Sierra Leone is rich in mineral resources. Diamonds, gold, bauxite, rutile and iron ore are known to exist in large quantities. According to CIA-World Factbook, political stability has led to a revival of economic activity such as the rehabilitation of bauxite and rutile mining, which are set to benefit from planned tax incentives. Several offshore oil discoveries were announced in 2009 and 2010. The development on these reserves, which could be significant, is still years away.The rise of mineral prices in recent years has led to strong interest by international mining companies in Sierra Leone, resulting in a surge of new mining licenses and exploration. Revenues from the oil, gas and mining sector are small at present: US $27m in 2011 up from US $7.5 in 2010, with oil and gas revenues outstripping mining for the first time. Although this was less than 1% of GDP in 2011, these revenues are forecast to grow to up to 17% of GDP by 2020.
The 2011 EITI Report shows that revenues from the oil, gas and mining sectors are up by almost four times, but remain a small part of the economy.
The Board on 26 February 2013 suspended Sierra Leone. The Board also recognised the significant process achieved and asked Sierra Leone to complete four remedial actions. The suspension will be lifted if the Board is content that the remedial actions are satisfactorily completed. Upon completion of the 2011 report, the MSG invited the International Secretariat to assess whether the remedial actions could have been met. The Secretariat is presently assessing those actions and will make a recommendation to the Board.
1) In accordance with Requirement 11, the government is required to ensure that all relevant companies and government entities participate in the reporting process. The Board noted the efforts underway to clarify the significance of the payments from companies that did not participate in the 2010 report, and the local government entities that did not report revenues. The Board highlights the suggestion in Requirement 11(b) that where a number of small operators pay revenues which are individually not material, but collectively material, the government discloses the combined benefit streams from such small operators.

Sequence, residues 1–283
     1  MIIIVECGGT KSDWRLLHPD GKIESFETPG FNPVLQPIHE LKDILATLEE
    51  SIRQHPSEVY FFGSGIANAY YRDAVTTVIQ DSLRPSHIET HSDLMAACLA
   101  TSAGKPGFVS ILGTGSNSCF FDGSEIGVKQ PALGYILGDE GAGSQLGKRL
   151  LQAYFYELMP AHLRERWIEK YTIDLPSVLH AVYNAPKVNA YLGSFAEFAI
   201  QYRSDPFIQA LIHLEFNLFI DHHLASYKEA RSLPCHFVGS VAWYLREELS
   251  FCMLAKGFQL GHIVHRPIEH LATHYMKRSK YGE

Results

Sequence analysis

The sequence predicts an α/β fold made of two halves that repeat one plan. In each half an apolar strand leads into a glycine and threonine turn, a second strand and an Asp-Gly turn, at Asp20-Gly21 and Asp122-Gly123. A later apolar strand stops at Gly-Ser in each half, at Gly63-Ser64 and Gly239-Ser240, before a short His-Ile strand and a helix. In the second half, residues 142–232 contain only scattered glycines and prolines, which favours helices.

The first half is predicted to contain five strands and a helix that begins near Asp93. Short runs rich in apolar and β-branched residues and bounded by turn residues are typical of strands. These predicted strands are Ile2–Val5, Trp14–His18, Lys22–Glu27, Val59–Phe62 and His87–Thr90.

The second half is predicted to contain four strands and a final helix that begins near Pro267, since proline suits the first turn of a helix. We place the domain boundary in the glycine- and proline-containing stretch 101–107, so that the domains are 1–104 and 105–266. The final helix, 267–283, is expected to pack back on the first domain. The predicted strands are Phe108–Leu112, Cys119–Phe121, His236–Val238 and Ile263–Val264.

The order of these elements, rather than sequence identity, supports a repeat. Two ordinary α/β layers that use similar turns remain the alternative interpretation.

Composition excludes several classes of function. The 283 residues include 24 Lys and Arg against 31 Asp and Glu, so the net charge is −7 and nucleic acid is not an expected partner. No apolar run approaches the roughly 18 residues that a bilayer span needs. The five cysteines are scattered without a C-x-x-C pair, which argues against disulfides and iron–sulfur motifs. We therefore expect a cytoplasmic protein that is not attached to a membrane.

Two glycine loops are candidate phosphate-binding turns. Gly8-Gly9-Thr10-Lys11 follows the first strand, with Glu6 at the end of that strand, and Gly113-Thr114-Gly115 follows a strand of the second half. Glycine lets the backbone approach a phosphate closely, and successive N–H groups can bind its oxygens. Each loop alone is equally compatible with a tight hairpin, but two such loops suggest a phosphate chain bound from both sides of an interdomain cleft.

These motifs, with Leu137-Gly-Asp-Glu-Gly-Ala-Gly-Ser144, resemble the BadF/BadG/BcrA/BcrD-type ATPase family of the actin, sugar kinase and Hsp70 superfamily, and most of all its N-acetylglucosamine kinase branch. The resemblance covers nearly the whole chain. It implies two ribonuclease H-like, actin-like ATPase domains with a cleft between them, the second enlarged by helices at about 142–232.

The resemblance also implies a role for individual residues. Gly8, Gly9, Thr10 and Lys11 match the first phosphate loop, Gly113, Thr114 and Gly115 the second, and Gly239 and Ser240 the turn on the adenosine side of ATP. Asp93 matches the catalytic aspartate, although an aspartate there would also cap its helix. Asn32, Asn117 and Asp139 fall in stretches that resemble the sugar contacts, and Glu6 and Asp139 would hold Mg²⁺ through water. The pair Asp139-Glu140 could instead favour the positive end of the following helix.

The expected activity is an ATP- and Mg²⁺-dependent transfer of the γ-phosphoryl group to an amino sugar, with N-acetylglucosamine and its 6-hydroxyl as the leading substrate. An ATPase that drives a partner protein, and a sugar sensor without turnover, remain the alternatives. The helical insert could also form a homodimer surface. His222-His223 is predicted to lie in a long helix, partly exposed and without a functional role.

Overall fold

2) In accordance with Requirement 13, the government ensures that the disclosures from government entities are based on accounts audited to international standards. The Board recommends that the MSG agrees a strategy to address this issue, with particular emphasis on the sub-national entities.
3) In accordance with Requirement 14, the government ensures that all material companies comprehensively disclose all material payments in accordance with the agreed reporting templates. Where companies are no longer operating in the country, the government should unilaterally disclose all payments received.
4) In accordance with Requirement 15, the government ensures that all government agencies comprehensively disclose all material revenues in accordance with the agreed reporting templates .
These corrective actions could be addressed by publishing a supplementary 2010 EITI Report, or through the 2011 EITI Report, which was published on 27 December 2013.
First Validation report 2010 available here.
Second Validation report 2010 available here.
- The report includes a brief description of the legal framework, types of licenses and taxation applicable to the oil and gas, and mining sectors.
- The report includes the license register number of each company, information about the commodity explored/produced and details on equity ownership. Some companies have also reported on production.
- Planned use of EITI platform to include contract transparency (yet to be implemented).
- SLEITI Song